“There has been a perception amongst health care workers that rapid diagnosis of TB in children would not be possible in primary care, but this study disproves that view, said first author Dr. Heather Zar, professor of pediatrics at the University of Cape Town (South Africa; www.scah.uct.ac.za). “Given our results, widespread adoption of rapid testing for TB and drug resistance in children may substantially improve public health without greatly increasing costs.”

Results of the South African study were published in the August 2013 issue of the journal the Lancet Global Health.

Related Links:

Cepheid

University of Cape Town



comments powered by Disqus

Channels

Genomics/Proteomics

view channel
Image: A leukemia cell coated with antibody is marked for destruction by activated natural killer cells (Photo courtesy of the University of Southern California).

Leukemia Cells Are Killed in Culture by Immune Cells Grown from the Same Patient

Immune system natural killer (NK) cells were isolated from leukemia patients, expanded in culture, and then shown in an in vitro system to attack and destroy cancer cells from the original cell donors.... Read more

Drug Discovery

view channel
Image: Synthetic ion transporters can induce apoptosis by facilitating chloride anion transport into cells (Photo courtesy of the University of Texas, Austin).

Experimental Drug Kills Cancer Cells by Interfering with Their Ion Transport Mechanism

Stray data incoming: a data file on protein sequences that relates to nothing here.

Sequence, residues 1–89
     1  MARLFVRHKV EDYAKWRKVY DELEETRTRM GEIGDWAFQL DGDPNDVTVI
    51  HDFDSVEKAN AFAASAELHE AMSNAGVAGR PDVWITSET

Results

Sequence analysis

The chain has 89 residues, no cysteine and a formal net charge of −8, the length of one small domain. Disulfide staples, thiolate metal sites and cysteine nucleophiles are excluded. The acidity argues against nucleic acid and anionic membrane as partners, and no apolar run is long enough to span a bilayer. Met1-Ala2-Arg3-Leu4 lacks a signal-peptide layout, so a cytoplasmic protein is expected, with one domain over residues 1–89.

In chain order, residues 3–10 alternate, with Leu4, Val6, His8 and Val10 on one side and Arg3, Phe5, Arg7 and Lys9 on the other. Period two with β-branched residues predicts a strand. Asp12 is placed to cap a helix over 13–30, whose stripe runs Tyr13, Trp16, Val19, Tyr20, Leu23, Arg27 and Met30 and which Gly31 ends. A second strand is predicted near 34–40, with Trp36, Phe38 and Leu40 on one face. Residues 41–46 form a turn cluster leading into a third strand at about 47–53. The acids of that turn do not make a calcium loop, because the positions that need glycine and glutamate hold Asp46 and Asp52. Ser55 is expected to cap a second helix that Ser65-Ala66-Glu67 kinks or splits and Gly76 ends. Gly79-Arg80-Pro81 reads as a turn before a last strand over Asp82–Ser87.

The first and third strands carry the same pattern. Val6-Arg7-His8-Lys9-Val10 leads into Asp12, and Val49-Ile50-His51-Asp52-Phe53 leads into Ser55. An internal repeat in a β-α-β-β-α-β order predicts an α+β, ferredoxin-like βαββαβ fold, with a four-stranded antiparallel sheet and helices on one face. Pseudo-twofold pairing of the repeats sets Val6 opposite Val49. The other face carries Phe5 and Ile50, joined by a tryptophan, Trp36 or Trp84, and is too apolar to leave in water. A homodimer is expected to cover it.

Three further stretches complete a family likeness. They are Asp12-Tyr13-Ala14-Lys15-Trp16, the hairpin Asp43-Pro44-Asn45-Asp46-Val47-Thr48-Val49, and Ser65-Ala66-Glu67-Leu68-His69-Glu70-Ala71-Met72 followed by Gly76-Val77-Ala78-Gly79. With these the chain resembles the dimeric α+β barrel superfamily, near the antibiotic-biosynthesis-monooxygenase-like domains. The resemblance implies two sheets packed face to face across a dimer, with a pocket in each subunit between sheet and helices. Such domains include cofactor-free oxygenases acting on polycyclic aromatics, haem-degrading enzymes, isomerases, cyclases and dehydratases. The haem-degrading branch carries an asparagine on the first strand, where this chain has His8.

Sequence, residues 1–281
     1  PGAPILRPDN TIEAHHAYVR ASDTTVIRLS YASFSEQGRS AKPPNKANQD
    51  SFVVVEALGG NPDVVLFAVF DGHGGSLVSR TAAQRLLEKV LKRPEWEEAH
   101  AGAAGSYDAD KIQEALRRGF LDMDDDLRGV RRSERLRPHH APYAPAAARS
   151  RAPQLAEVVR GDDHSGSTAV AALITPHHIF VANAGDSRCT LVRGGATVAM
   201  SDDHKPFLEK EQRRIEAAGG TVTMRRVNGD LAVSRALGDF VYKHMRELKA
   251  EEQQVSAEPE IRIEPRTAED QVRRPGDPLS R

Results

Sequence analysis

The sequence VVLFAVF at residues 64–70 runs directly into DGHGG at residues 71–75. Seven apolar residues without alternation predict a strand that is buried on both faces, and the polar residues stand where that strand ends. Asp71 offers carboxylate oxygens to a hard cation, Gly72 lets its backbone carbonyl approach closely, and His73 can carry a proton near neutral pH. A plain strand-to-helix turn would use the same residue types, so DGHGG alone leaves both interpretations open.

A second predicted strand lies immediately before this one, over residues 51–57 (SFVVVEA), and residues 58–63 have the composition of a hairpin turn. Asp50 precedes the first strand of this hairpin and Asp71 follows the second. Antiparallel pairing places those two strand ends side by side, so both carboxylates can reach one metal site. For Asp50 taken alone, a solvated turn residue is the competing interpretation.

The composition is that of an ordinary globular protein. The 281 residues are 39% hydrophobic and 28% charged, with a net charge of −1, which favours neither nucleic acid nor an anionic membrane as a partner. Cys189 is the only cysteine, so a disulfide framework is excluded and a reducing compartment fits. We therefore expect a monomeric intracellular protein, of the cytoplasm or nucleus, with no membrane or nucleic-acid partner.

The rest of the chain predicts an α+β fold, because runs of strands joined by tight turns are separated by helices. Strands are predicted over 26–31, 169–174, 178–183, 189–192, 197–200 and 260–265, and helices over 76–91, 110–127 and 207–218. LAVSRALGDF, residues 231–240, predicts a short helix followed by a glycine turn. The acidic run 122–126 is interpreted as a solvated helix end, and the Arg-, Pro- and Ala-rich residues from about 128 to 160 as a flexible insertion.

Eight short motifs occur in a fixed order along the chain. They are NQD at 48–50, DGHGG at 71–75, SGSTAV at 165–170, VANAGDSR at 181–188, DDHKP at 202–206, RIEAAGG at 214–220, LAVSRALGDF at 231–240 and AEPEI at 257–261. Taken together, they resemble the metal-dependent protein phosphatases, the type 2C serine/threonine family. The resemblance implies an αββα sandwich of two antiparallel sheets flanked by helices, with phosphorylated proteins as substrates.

An experimental anticancer drug induces cells to enter a molecular pathway leading to apoptosis by skewing their ion transport systems to greatly favor the influx of chloride anions. To promote development... Read more

Therapeutics

view channel
Image: Liver cells regenerated in mice treated with a new drug (right) compared with a control group (center) after partial liver removal. Healthy liver cells are shown at left (Photo courtesy of Marshall et al, 2014, the Journal of Experimental Medicine).

New Drug Triggers Liver Regeneration After Surgery

Investigators have revealed that an innovative complement inhibitor decreases complement-mediated liver cell death, and actually stimulates postsurgery liver regrowth in mice. Liver cancer often results... Read more

Lab Technologies

view channel

White-Matter Deficits Found in Codeine-Containing Cough Syrup Users

A magnetic resonance imaging (MRI) study of chronic users of codeine-containing cough syrups (CCS) has found deficits in specific regions of brain white matter and linked these changes with increased impulsivity in codeine-containing cough syrup users. These findings were consistent with findings from earlier research of... Read more

Business

view channel

Partnership Established to Decode Bowel Disease

23andMe (Mountain View, CA,USA), a personal genetics company, is collaborating with Pfizer, Inc. (New York, NY, USA), in which the companies will seek to enroll 10,000 people with inflammatory bowel disease (IBD) in a research project designed to explore the genetic factors associated with the onset, progression, severity,... Read more
 
Copyright © 2000-2014 Globetech Media. All rights reserved.